Take our enduring challenge of ending family homelessness. We know that a key reason for family homelessness is the lack of access to housing families can afford.
When I first joined HUD, our nation faced an affordable rental housing crisis. Families whose incomes plummeted as a result of the recession were increasingly falling into homelessness – through foreclosures, evictions, layoffs, or health care costs.
And, when I spoke here, I was clear that the Federal government would get back into the business of affordable rental housing, because the Federal government is a critical partner in preserving and creating it.
This Administration took immediate action. President Obama’s Recovery Act, along with HUD’s Fiscal Year 2010 budget, invested in the nation’s 1.2 million units of public housing, supported Project Based Section 8 developments, and stabilized buildings financed by the Low-Income Housing Tax Credit.
By ramping up the Federal commitment to the preservation and production of affordable housing, we were able to create or preserve affordable homes for millions of people.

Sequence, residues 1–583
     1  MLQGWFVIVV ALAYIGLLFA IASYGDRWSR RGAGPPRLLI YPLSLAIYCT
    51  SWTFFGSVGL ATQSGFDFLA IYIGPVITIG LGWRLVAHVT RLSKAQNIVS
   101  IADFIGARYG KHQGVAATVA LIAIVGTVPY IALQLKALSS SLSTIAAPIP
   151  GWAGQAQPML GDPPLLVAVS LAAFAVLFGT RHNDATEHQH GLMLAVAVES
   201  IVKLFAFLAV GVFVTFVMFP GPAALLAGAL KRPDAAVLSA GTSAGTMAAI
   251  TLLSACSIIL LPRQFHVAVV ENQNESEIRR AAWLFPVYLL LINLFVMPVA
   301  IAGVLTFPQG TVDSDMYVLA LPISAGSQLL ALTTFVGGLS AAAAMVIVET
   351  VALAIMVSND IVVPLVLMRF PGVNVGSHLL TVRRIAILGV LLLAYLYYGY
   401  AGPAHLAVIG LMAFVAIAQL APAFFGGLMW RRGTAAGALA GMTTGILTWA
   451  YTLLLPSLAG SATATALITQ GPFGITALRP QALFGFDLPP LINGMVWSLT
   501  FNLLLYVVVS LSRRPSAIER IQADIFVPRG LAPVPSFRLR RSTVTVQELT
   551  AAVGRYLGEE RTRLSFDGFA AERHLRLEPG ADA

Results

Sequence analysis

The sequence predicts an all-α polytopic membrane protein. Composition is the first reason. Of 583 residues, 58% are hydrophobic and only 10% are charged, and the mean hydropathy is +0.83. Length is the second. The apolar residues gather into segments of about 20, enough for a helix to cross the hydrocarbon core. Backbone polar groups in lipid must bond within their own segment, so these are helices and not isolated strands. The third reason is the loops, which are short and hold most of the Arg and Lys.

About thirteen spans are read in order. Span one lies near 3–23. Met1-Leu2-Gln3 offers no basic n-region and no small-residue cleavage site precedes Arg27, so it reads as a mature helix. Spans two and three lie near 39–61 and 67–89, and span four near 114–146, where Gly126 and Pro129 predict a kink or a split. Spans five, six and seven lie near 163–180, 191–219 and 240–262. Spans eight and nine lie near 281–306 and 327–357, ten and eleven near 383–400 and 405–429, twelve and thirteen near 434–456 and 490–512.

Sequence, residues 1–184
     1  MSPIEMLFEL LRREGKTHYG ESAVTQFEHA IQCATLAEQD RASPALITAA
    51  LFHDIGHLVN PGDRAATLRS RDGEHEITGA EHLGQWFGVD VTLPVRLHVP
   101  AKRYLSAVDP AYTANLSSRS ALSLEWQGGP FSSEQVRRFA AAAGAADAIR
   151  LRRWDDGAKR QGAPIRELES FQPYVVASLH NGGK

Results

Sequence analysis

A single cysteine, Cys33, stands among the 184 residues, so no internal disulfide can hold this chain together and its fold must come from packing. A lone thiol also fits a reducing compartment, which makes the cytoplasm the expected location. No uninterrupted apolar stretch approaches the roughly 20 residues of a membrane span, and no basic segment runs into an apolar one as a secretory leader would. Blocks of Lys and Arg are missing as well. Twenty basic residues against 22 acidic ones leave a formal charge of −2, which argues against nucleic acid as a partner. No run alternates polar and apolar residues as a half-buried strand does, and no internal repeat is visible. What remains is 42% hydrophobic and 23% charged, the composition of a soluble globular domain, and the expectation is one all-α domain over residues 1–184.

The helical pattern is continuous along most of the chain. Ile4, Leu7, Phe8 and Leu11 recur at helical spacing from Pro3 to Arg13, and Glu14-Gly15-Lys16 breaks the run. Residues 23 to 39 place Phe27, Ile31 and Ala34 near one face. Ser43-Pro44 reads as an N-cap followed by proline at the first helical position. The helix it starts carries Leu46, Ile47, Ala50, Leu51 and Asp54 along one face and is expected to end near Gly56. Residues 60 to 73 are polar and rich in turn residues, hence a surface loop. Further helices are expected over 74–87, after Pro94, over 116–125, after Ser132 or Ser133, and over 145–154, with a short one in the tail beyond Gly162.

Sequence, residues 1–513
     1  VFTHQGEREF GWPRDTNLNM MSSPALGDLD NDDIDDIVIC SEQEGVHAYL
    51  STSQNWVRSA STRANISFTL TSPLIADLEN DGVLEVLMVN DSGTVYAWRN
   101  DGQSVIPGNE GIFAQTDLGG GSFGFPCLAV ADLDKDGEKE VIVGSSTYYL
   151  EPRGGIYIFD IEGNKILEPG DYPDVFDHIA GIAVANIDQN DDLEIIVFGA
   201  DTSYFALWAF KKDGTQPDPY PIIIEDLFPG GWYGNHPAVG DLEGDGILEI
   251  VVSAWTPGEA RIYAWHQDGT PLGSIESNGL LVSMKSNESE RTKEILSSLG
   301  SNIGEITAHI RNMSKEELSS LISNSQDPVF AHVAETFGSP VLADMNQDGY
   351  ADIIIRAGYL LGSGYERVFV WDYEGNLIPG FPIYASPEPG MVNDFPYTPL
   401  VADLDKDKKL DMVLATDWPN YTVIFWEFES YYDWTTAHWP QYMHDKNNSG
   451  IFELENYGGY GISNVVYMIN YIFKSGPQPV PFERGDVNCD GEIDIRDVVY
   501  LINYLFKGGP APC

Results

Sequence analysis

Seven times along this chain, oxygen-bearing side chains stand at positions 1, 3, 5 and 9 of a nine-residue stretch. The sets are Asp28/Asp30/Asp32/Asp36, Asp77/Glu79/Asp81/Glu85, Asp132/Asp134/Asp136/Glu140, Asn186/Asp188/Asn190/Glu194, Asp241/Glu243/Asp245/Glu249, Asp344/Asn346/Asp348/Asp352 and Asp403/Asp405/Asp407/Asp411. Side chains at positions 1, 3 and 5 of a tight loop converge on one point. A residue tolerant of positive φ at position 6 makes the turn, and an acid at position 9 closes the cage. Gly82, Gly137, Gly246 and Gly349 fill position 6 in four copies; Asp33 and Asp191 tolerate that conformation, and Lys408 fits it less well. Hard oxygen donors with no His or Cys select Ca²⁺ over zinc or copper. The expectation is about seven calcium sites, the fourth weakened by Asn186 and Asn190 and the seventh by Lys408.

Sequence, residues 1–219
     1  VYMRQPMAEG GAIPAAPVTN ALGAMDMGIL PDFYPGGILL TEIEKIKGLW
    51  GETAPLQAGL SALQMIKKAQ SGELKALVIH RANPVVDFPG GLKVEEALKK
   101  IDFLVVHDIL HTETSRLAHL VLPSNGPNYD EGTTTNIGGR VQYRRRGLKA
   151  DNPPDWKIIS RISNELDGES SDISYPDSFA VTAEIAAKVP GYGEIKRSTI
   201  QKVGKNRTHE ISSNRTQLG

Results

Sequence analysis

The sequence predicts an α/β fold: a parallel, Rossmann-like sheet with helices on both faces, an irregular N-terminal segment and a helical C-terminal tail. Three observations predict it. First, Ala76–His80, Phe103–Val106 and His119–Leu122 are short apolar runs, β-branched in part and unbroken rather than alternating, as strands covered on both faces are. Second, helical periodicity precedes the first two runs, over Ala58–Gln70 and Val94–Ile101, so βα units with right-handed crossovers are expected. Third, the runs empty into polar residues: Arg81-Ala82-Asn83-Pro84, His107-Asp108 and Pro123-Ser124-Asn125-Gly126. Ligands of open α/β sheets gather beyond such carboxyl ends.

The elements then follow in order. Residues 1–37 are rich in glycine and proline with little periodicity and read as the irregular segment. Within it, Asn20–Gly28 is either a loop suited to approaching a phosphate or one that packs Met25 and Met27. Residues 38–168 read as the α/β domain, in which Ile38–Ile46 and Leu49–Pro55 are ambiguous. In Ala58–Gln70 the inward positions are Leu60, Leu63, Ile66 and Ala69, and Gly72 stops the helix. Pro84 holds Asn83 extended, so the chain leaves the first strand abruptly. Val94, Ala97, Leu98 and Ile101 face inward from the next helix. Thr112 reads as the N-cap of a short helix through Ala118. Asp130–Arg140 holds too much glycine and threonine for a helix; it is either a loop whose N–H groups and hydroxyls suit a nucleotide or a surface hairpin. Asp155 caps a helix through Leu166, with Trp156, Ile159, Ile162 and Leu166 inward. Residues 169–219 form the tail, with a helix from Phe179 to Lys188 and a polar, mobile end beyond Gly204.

But we need to do more. As I mentioned, family homelessness has fallen by 19 percent since we launched the President’s plan, but more than 64,000 families nationwide were still homeless on a single winter night. At least 128,000 children were without a safe home.
That’s why the President’s Budget for Fiscal Year 2017 calls for a historic investment of $11 billion over the next ten years to end homelessness for all of America’s families by 2020.
The President’s investment would enable HUD to quickly move families out of emergency shelters and into their own stable housing where they can resolve health issues, find or maintain jobs, and keep their kids in school.
That could mean rapid rehousing that provides short-term rental assistance with some stabilization or job services, or it might mean a Housing Choice Voucher that provides longer-term stability. The President’s Budget calls for both approaches to provide the right, proven, cost-effective strategy for each family.